How to salvage water damaged photos, manuals etc
Hi All, I have reposted this from the Old Machinery Magazine forum with consent of the original author. Please note these links are intended as a starting point for those with damaged photos and documents. The important part is not to just throw things out and not to let them dry out.
Recovering flood affected manuals and photos, etc.
I found a video of flooding at Lake Goldsmith engine sheds today [January 16, 2011]. This got me thinking that restorers and collectors in Qld, Vic, NSW and Tas. would have flood affected manuals, photos etc.
As a vintage vehicle and antique machinery collector and restorer and also a professional archivist with some experience in recovering flood damaged materials the message for collectors with photos, old manuals etc. that have been water affected is that ALL maybe is not lost.
I realise that not everyone can quickly get to their collectables because of personal matters taking priority in the aftermath of a flood and because access to some areas will be difficult – however if you know anyone who can get to their water affected paper-based collectables or you are helping them recover items PLEASE suggest that they don't just toss out paper-based items - some items can be salvaged, and some may be salvaged without great expense.
Rather than me going into recovery details here I suggest that the help and advice available at local and state archives and libraries, and elsewhere on the internet be used:
How do I salvage flood-damaged records? (National Archives of Australia)
Salvaging water-damaged collections (State Library of Queensland - PDF document, 65KB)
Conservation Tip No. 6: Dealing with wet records. (State Records NSW)
Salvage At A Glance, Part I: Paper Based Collections
Health And Safety Hazards Arising From Floods
Emergency Drying Procedures for Water Damaged Collections.
TO GET STARTED, as speed in stabilising and conserving paper items is VIP you could try -
1. Take precautions against breathing mould
2. Assess what's important to keep/save and what's not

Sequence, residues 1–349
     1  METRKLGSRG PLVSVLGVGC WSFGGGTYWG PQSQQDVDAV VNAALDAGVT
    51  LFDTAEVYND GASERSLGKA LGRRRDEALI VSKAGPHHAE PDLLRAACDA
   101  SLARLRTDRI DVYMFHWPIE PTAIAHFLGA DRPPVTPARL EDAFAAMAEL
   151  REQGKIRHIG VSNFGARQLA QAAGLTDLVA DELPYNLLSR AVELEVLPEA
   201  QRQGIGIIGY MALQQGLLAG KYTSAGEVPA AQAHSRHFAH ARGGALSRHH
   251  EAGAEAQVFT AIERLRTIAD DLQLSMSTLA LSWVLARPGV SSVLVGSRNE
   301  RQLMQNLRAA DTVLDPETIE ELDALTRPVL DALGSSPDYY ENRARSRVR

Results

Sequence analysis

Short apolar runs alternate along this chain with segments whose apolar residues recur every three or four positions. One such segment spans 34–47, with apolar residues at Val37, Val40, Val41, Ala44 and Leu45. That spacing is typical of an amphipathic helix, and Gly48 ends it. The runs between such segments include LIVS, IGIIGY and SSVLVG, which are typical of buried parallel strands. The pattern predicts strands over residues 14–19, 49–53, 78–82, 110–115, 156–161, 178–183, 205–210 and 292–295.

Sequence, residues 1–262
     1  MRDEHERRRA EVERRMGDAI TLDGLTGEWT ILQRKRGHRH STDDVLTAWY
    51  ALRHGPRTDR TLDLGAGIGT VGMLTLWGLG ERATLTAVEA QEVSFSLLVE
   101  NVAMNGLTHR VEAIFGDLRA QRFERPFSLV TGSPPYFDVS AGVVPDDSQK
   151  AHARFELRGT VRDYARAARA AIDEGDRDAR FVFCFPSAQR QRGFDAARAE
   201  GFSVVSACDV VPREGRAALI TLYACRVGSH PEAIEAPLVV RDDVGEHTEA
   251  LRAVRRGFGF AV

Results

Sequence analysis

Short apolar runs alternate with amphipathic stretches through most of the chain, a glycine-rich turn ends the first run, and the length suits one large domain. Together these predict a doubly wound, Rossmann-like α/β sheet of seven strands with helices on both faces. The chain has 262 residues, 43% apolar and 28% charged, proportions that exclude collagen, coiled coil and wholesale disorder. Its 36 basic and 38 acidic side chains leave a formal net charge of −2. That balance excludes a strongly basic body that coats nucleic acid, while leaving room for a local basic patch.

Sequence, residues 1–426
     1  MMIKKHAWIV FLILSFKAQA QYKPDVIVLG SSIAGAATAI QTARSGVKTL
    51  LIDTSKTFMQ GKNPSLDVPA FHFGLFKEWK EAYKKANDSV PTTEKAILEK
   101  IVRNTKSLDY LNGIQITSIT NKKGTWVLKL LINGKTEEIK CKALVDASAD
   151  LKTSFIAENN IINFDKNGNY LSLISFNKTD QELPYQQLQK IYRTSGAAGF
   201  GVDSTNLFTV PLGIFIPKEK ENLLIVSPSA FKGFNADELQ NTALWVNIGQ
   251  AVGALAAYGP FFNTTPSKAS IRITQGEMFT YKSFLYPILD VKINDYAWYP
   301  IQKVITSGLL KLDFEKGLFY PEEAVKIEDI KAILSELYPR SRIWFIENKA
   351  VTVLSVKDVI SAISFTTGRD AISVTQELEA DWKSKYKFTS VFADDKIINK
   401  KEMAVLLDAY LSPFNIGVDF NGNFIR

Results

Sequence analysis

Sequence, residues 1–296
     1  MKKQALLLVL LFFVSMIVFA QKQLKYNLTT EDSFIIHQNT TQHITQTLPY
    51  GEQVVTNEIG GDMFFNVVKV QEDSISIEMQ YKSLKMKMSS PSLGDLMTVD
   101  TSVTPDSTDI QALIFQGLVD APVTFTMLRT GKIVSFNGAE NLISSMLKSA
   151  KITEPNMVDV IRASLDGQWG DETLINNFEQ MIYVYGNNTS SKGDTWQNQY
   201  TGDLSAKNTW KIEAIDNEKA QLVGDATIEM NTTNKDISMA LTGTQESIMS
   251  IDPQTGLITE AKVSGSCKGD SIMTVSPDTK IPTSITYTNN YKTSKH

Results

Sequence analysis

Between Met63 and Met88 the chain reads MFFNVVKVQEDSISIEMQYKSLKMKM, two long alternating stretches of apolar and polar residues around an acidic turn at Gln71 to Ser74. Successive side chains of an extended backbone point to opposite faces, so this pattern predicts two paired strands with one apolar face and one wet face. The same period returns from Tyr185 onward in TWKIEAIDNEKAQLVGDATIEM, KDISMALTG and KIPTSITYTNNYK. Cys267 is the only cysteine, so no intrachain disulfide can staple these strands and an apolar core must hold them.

3. Stabilise and store what is to be saved in a cool/cold place
4. Store flat where possible, but keep weight on wet items minimised
5. Try storing and transporting in plastic tubs or sleeves (even freezer bags) until you or someone else can clean, stabilise, repair or copy – at least take digital photos of vital information
6. Do all this ASAP
7. Check out the online advice on recovering flood damaged archives and then decide on the action/s you'll take for you most precious collectables
8. Get help/advice from archivists, librarians, conservators - ask at your local museums, libraries and galleries – ring them!
9. Start conserving items ASAP as best you can following the procedures in the online information or from the archivists you’ve contacted, and in an order of priority based on importance of the item, value and degree of damage.
10. For seriously valuable items contact a professional conservator urgently and negotiate with them for restoration work.
When my home was flooded I salvaged some notebooks by using the microwave – this is definitely not recommended for every item but was a quick fix that stabilised some papers. Remove staples and metal clips, lightly dry with paper towel and gently give the item a quick microsecond zap in the microwave, page by page, checking carefully between microwaving - slow but it works for some papers BUT remember only very quick and gently microwaving.
Good luck to all in their flood recovery efforts.
Disclaimer: The author of the above information is not liable for any loss or damage resulting from use or
misuse of the information. You should exercise your own independent skill and judgement before you rely on
the above information. You should seek professional advice relevant to your own circumstances.
I hope that this is useful to someone looking to retrieve damaged photos.